This week the results of a consultation on one of the most important documents to shape life in Jersey for the next decade have been published - the Island Plan 2021 to 2030 - and they show the strength of opposition to building in the countryside.
Yesterday, Express revealed that respondents would prefer to either build in town, with taller buildings if needed, and reclaim more land from the sea - rather than use green fields.
Today we focus on the responses for so called 'brown-field' sites, such as disused glasshouses.
It seems islanders would still rather this land too, be used for agriculture rather than for housing.
39% of respondents agreed that redundant and or derelict glasshouses should be removed, with the land being restored to open greenfield agricultural use.
Comments showed widespread support for prioritising agricultural land uses, with many participants voicing the importance of restoring the land to its former use.
Others criticised owners of derelict glasshouses whom they accused of deliberately ‘holding out’ to get planning permission to redevelop the land, and benefit economically, leaving sites in poor condition in the meantime.
Pictured: Islanders were asked to pick their favourite option in a list of five.
The findings come as the result of a three-month consultation on the Island Plan 2021-2030 which received 2,254 responses.
Among the 47 questions in the paper, islanders were asked to pick the statement they most agreed with regarding what to do with glasshouses when they are no longer needed or in poor condition.
Just 19% of people supported the idea of redeveloping them for something other than agriculture.
Redeveloping glasshouses for the provision of homes was the third most popular choice with 17%, while only 11% believed there should be a presumption in favour of using them for employment or commercial uses.
Those who support the option highlighted the need for affordable housing in Jersey, and the potential contribution disused land could make towards meeting demand.
Pictured: It seems islanders would still rather 'brown-field' sites, be used for agriculture rather than for housing
Nearly half of respondents (44%) considered that redevelopment of other agricultural buildings for other non-employment uses should not be allowed, compared with 28% who were in favour of redevelopment, potentially for housing.
The future of disused glasshouse sites, some of which have been left to decay into ‘blots’ on the rural landscape, has been under discussion since the decline of the indoor tomato and flower industries in the 1990s in face of European competition.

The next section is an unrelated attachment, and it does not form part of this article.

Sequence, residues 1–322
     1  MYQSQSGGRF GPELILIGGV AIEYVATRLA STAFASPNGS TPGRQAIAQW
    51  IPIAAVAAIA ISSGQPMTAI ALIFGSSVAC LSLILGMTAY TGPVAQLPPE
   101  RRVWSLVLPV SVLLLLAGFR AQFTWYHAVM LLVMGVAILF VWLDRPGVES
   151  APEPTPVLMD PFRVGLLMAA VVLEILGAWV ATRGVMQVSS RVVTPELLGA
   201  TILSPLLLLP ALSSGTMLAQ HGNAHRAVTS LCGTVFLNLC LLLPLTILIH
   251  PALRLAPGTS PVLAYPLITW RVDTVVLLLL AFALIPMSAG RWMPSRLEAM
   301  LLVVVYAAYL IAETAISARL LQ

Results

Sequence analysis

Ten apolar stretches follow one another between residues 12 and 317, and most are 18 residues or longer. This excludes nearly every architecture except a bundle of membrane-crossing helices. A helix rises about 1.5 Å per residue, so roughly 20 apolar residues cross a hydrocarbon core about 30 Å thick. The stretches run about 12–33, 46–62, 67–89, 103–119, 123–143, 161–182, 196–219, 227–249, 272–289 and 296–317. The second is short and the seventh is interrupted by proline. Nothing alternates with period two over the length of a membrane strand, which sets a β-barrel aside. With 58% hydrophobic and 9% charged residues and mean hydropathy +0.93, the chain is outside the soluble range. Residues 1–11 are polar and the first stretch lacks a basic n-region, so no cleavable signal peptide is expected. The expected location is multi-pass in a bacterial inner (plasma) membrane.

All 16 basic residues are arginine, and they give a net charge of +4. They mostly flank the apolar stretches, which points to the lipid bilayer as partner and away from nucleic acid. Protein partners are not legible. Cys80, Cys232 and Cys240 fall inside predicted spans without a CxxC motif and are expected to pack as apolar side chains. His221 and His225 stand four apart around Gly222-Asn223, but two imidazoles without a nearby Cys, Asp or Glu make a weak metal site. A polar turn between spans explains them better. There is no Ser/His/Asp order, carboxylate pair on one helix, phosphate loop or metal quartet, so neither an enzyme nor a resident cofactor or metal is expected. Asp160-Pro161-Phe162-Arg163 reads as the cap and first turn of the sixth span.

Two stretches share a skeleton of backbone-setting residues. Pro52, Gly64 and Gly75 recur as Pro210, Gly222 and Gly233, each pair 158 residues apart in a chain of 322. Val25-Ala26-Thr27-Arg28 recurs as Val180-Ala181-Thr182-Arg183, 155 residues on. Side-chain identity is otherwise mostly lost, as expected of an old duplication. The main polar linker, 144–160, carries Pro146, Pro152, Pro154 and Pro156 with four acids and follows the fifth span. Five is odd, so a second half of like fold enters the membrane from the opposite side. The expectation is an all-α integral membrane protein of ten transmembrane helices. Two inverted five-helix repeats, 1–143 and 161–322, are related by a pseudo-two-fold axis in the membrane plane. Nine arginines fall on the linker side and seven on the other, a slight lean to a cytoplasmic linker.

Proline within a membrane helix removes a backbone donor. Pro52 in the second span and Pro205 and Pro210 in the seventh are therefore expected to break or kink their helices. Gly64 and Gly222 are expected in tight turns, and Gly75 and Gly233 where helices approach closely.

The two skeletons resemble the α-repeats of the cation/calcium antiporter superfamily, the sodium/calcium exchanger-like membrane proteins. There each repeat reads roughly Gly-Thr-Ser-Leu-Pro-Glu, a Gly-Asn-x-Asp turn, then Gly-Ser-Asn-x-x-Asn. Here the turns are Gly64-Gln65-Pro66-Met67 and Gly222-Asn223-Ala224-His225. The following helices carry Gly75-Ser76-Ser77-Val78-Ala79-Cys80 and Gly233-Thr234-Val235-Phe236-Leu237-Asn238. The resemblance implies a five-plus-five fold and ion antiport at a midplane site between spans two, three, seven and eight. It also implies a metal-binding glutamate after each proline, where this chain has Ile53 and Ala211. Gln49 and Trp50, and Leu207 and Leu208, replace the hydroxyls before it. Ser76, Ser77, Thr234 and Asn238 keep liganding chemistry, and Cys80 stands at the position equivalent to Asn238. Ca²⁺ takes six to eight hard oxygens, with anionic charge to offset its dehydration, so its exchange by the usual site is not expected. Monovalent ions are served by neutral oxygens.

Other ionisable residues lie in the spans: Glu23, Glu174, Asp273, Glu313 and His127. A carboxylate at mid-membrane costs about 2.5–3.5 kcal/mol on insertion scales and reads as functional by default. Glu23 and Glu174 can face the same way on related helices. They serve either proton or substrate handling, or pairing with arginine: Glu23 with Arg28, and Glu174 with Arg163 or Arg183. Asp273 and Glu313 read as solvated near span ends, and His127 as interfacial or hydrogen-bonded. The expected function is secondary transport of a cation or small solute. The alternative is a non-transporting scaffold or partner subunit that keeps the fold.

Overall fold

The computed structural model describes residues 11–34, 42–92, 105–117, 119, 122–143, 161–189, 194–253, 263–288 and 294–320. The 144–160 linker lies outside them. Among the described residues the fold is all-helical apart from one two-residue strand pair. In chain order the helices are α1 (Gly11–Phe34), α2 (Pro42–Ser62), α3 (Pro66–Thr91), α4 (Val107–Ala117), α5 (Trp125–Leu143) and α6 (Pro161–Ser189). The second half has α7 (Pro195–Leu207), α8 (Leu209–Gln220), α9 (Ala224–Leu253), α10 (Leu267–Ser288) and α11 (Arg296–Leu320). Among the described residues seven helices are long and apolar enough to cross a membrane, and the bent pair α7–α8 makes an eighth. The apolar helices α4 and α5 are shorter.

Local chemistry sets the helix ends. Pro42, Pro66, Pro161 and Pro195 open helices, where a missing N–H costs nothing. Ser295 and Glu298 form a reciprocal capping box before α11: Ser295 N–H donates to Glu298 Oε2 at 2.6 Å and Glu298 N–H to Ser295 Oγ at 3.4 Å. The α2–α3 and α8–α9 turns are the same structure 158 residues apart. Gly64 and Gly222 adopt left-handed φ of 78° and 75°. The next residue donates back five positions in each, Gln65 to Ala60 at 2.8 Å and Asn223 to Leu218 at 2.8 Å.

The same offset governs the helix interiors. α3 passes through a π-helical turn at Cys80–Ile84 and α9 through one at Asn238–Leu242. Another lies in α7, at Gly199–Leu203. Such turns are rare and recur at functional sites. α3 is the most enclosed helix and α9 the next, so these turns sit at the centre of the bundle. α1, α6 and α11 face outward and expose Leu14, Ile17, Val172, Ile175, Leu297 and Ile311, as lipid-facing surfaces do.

Attempts to redevelop glasshouses have previously been blocked by the Planning Department. This included plans to build 13 homes in Grantez as well as plans for a 27-unit luxury holiday village at Tamba Park.
Islanders’ feelings towards the redevelopment of glasshouses echo their opposition to further development in the countryside, where most derelict glasshouses are located.
Pictured: Islanders believe concentrating development in St. Helier is the best 'spatial strategy' option out of six.
As part of the consultation, islanders were asked to pick between one of five 'spatial strategy' options. This included increasing density in town or in other built-up areas, expanding the town to the north, east and west or to the south, expanding other built-up areas, a new settlement and development in the countryside.
Respondents favoured the concentration of development in St. Helier (71%) with the second favourite option being the expansion of town to the south with 63%.
Countryside development received the least support with 78% of respondents considering it ‘not very acceptable’ or ‘not acceptable at all’.
However, respondents were largely in favour of diversifying the use of agricultural land, with many suggesting it could be shared with renewable energy sources such as solar panel or for ecological initiatives.
Nonetheless, some respondents felt that specific areas of land should be protected from development, considering it is vital to preserve agricultural land for local food production, as well as its cultural and aesthetic value to Jersey.
Comments on this story express the views of the commentator only, not Bailiwick Publishing. We are unable to guarantee the accuracy of any of those comments.
Once your comment has been submitted, it won’t appear immediately. There is no need to submit it more than once. Comments are published at the discretion of Bailiwick Publishing, and will include your username.